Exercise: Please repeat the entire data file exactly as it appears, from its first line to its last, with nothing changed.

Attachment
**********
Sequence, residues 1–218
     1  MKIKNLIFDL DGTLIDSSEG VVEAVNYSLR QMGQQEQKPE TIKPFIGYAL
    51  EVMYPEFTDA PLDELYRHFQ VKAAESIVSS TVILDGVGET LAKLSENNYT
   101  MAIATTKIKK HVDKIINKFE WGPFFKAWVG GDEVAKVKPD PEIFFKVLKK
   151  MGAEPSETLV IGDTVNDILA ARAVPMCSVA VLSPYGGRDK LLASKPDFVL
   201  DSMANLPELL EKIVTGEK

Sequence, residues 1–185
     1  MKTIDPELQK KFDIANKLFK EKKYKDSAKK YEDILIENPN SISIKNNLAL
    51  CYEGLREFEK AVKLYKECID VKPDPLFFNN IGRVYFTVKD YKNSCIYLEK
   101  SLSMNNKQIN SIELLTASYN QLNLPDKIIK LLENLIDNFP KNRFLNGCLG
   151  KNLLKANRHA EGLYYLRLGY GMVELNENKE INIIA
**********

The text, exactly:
Sequence, residues 1–218
     1  MKIKNLIFDL DGTLIDSSEG VVEAVNYSLR QMGQQEQKPE TIKPFIGYAL
    51  EVMYPEFTDA PLDELYRHFQ VKAAESIVSS TVILDGVGET LAKLSENNYT
   101  MAIATTKIKK HVDKIINKFE WGPFFKAWVG GDEVAKVKPD PEIFFKVLKK
   151  MGAEPSETLV IGDTVNDILA ARAVPMCSVA VLSPYGGRDK LLASKPDFVL
   201  DSMANLPELL EKIVTGEK

Sequence, residues 1–185
     1  MKTIDPELQK KFDIANKLFK EKKYKDSAKK YEDILIENPN SISIKNNLAL
    51  CYEGLREFEK AVKLYKECID VKPDPLFFNN IGRVYFTVKD YKNSCIYLEK
   101  SLSMNNKQIN SIELLTASYN QLNLPDKIIK LLENLIDNFP KNRFLNGCLG
   151  KNLLKANRHA EGLYYLRLGY GMVELNENKE INIIA